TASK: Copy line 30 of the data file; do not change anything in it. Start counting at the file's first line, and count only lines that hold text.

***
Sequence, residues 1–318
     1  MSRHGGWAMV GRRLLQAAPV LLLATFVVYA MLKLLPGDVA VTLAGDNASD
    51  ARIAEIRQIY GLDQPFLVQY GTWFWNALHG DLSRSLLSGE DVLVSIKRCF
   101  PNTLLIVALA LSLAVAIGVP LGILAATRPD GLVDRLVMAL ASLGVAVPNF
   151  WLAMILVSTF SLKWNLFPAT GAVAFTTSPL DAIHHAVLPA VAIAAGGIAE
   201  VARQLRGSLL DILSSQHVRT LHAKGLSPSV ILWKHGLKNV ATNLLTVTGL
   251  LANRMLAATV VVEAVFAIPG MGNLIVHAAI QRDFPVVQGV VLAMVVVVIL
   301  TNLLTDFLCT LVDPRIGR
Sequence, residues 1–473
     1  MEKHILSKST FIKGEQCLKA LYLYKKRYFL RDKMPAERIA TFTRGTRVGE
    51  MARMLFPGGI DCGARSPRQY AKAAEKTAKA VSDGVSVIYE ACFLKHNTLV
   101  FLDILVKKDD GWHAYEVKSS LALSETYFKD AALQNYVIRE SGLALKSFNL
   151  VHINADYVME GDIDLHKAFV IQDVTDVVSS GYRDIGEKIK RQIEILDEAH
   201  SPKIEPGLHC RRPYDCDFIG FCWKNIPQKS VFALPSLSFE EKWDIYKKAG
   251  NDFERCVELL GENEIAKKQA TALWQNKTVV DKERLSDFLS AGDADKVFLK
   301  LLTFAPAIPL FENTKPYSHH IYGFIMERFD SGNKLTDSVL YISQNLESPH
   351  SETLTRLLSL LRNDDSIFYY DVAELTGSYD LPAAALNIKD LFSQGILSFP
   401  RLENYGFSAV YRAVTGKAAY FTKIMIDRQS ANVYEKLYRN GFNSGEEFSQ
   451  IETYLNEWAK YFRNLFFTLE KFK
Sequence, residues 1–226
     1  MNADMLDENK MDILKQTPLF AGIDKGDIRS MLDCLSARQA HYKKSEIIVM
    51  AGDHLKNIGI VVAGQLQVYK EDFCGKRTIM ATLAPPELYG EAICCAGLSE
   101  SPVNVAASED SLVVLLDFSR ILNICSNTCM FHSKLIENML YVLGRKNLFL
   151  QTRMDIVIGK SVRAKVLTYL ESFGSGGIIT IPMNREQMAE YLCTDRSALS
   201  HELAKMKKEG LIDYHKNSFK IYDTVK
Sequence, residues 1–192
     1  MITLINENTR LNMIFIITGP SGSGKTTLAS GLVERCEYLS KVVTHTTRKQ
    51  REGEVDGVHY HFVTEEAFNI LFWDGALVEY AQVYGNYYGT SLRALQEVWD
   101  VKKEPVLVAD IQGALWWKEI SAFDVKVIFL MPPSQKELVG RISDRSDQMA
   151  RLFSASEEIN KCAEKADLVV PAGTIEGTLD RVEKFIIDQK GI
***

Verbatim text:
   151  RLFSASEEIN KCAEKADLVV PAGTIEGTLD RVEKFIIDQK GI